Popular app Snapchat becomes hotline for abusive relationships
We hear a lot about cyber stalking and cyber violence and the dangers of social media for young people in relationships. However an entrepreneurial young group from India is exploiting the power of Snapchat, a popular smartphone app among teenagers, to provide counselling to young women and men in abusive relationships on the sub-continent. They are Avani Parekh, Nida Sheriff and Rajshekar Patil. The threesome created an account called lovedoctordotin in September 2014 and have been providing counselling services ever since. To date the hotline has answered more than 47,000 questions about relationships, love and sexual health.
UNAIDS caught up with Avani, Nida and Raj over skype recently. Avani is the founder of LoveDoctor (www.lovedoctor.in) and is a trained counselor with more than eight years of experience in counseling on domestic abuse and sexual assault. Nida is the manager of Chayn India which is a web platform for women experiencing domestic violence and Raj is an advertising creative director with TBWA\India.
Rajshekar Patil, Nida Sheriff and Avani Parekh
(The views and opinions expressed in interviews or commentaries are those of the interviewees and contributors and do not necessarily reflect the official policy or position of UNAIDS).
UNAIDS: What made you decide to use Snapchat to address the issue of relationship abuse?
Raj: Teens are now moving away from Facebook and more onto Snapchat and Instagram. Snapchat has this unique feature where messages last only for a few seconds and are deleted automatically. No one’s exploited this amazing feature. So we thought why not? With lovedoctordotin they don’t have to come to us, we go to them.
With our service they have someone to go to privately and there’s no record of it.
Avani: Teens are afraid of exposure. Even to talk to a family doctor, they are scared that someone would see them or that the same doctor would treat their families and somehow someone would find out. There’s this culture of silence with teenagers because they don’t know who to come out to and they don’t want to get in trouble mainly because it’s taboo. We culturally try to minimize the bad things going on in our lives and amplify the good things. What we’re trying to do is give young people somewhere confidential to come to as well as using this space to create awareness of what abuse is.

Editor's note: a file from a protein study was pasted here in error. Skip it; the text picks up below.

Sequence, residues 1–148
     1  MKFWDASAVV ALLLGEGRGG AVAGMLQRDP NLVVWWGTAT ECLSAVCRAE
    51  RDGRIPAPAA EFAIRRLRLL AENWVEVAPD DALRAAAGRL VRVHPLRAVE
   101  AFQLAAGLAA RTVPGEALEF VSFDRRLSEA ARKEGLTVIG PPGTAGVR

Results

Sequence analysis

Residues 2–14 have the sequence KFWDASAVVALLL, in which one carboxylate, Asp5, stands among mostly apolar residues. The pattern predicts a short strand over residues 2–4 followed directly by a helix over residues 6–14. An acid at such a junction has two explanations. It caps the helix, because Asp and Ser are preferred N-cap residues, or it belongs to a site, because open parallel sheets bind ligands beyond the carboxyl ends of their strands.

UNAIDS: Can you tell us a little bit more about how lovedoctordotin works?
Avani: Everyday we have a Snapchat story. Chayn India and I create the content. Our stories are about different aspects of abuse. For example, yesterday it was about moving on from an abusive relationship. If someone adds our snapcode, they are able to chat with us confidentially. They are thanked for contacting us and are sent a link with all the information we think that they should have about abuse and how to deal with it or who to contact – It is like a guide book. They share with us their stories and their questions. I encourage them to read the guide, answer their questions and check with them about how they’re doing afterwards. Snapchat has fantastic features such as live videos – you can actually video message each other in real time. In a couple of instances when things are a bit more complicated, we send videos back and forth. That makes the young people feel more connected since it’s not just a static chat platform and they feel more connected to us.
UNAIDS: What are some of the other common types of abuse teens face in relationships?